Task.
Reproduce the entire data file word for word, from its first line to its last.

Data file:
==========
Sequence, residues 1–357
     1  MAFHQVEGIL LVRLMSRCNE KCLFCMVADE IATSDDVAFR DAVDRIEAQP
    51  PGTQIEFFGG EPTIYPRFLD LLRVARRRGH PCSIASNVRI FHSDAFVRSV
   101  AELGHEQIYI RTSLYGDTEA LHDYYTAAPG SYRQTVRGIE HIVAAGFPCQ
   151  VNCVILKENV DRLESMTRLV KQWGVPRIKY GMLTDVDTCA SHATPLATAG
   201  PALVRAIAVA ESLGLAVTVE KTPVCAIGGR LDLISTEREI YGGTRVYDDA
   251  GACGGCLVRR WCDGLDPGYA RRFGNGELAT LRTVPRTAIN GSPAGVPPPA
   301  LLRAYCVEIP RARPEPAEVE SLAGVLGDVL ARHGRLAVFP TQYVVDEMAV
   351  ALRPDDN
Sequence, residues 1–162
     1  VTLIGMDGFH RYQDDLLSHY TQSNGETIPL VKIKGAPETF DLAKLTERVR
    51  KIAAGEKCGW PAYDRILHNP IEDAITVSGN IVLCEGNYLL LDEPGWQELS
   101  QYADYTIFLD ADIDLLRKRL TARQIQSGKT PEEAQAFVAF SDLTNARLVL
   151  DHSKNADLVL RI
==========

Sequence, residues 1–357
     1  MAFHQVEGIL LVRLMSRCNE KCLFCMVADE IATSDDVAFR DAVDRIEAQP
    51  PGTQIEFFGG EPTIYPRFLD LLRVARRRGH PCSIASNVRI FHSDAFVRSV
   101  AELGHEQIYI RTSLYGDTEA LHDYYTAAPG SYRQTVRGIE HIVAAGFPCQ
   151  VNCVILKENV DRLESMTRLV KQWGVPRIKY GMLTDVDTCA SHATPLATAG
   201  PALVRAIAVA ESLGLAVTVE KTPVCAIGGR LDLISTEREI YGGTRVYDDA
   251  GACGGCLVRR WCDGLDPGYA RRFGNGELAT LRTVPRTAIN GSPAGVPPPA
   301  LLRAYCVEIP RARPEPAEVE SLAGVLGDVL ARHGRLAVFP TQYVVDEMAV
   351  ALRPDDN
Sequence, residues 1–162
     1  VTLIGMDGFH RYQDDLLSHY TQSNGETIPL VKIKGAPETF DLAKLTERVR
    51  KIAAGEKCGW PAYDRILHNP IEDAITVSGN IVLCEGNYLL LDEPGWQELS
   101  QYADYTIFLD ADIDLLRKRL TARQIQSGKT PEEAQAFVAF SDLTNARLVL
   151  DHSKNADLVL RI